Lynda Petty, the wife of seven-time NASCAR champion Richard Petty, died Tuesday after a long battle with cancer. She was 72.
She was diagnosed with central nervous system lymphoma four years ago.
Richard and Lynda Petty were married in 1959, and she played an instrumental role in her husband’s early racing career. Richard Petty, who holds the Sprint Cup record with 200 victories, told USA TODAY Sports in 2008 that Lynda would feed their four children and the pit crew from the back of a 1960 Chrysler sedan parked in the infield.
“We finally got a station wagon in 1969,” Richard Petty said. “She said she thought she’d died and gone to heaven because it had all that room for the kids and the food.”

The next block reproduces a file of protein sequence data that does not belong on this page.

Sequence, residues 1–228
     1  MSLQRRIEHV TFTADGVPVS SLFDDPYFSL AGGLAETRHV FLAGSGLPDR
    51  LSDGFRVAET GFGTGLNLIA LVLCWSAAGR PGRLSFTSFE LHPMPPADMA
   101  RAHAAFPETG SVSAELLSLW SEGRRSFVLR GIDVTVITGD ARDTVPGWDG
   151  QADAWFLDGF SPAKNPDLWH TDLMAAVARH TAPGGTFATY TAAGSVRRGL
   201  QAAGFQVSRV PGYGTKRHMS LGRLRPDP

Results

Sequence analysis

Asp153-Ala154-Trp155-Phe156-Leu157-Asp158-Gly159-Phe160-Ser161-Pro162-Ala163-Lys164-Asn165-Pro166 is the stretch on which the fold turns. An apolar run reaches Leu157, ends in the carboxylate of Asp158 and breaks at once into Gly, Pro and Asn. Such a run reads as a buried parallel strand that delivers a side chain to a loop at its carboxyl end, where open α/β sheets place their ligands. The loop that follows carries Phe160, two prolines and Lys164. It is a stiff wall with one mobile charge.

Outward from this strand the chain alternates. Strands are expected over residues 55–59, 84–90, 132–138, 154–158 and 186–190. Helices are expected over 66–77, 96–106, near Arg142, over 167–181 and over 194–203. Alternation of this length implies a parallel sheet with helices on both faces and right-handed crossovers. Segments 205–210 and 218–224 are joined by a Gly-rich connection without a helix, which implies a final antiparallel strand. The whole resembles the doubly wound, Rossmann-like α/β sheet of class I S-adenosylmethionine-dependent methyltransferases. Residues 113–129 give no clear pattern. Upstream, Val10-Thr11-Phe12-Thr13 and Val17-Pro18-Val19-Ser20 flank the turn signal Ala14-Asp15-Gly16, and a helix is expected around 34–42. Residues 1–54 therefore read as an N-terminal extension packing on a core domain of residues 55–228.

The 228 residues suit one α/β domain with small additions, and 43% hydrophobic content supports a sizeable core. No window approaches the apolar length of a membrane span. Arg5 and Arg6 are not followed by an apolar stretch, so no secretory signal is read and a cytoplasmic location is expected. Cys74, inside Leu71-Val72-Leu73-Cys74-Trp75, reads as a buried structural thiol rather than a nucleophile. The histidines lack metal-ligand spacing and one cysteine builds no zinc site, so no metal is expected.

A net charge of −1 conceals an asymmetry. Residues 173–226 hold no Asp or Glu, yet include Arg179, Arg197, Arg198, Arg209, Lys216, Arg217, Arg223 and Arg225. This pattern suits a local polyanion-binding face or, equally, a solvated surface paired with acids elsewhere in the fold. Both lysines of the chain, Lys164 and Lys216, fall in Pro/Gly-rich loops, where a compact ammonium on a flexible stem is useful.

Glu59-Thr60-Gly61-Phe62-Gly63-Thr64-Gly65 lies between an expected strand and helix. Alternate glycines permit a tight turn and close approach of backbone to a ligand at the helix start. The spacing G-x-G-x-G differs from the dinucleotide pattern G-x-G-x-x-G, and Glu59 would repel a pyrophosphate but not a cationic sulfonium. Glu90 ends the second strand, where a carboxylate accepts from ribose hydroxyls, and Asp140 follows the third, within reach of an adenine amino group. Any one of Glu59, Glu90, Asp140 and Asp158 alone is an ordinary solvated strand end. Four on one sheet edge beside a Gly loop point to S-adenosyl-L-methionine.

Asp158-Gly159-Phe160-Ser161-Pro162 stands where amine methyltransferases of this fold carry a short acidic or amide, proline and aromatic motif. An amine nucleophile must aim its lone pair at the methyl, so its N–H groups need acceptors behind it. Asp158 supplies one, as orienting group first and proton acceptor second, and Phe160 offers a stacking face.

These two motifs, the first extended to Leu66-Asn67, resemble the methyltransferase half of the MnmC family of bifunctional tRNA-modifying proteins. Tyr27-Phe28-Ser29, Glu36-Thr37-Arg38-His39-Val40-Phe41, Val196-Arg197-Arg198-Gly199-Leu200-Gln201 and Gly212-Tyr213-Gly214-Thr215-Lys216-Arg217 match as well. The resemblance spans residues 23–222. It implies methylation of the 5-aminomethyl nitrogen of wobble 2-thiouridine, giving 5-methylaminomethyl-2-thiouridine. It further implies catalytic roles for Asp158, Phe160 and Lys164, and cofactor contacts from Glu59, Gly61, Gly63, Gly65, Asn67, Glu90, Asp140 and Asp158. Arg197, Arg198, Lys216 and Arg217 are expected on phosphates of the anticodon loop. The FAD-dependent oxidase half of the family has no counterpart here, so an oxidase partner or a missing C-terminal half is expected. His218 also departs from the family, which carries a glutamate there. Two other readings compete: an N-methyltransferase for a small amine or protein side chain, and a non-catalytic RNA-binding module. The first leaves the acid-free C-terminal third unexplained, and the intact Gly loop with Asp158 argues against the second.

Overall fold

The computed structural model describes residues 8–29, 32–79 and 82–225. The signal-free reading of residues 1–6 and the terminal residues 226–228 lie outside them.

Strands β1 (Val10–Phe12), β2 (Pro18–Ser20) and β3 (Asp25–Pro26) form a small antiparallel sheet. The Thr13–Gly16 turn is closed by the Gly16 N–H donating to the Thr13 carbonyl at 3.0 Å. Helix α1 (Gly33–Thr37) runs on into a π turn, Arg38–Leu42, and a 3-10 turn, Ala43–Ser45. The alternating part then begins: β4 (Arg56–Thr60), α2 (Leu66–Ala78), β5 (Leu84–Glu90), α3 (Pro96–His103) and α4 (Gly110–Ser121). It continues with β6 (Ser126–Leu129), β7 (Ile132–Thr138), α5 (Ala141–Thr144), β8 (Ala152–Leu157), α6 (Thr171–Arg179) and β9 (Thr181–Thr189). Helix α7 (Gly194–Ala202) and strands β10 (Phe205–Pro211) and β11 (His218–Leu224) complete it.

NASCAR chairman and CEO Brian France said in a statement: “On behalf of the France family and everyone at NASCAR, I want to offer sincere condolences to the Petty family regarding the loss of their beloved matriarch, Lynda Petty. Through the years, Lynda became an integral part of the NASCAR landscape. We have lost a true friend, who will be missed each and every day. Our thoughts and prayers will be with the Pettys throughout this difficult time.”
Lynda Petty gave the command to start engines in May 2005 at Darlington Raceway for the first Southern 500 held on Mother’s Day.
“I’m honored they asked me,” she told USA TODAY in 2005. “But I’m not really excited. I don’t know if you get excited about being the grand marshal. I guess some people might. I’ve been coming (to races) for so long, I never thought about it.”
Though her family made its fame and fortune in racing, Lynda Petty admitted to growing disenchanted with NASCAR in later years, saying, “People are not as friendly today. They don’t come by and speak to you as much because everything is very competitive. It’s such a stab-you-in-the-back, dog-eat-dog world in the sport now. I can’t tell you how it breaks my heart.
SOURCE: USA Today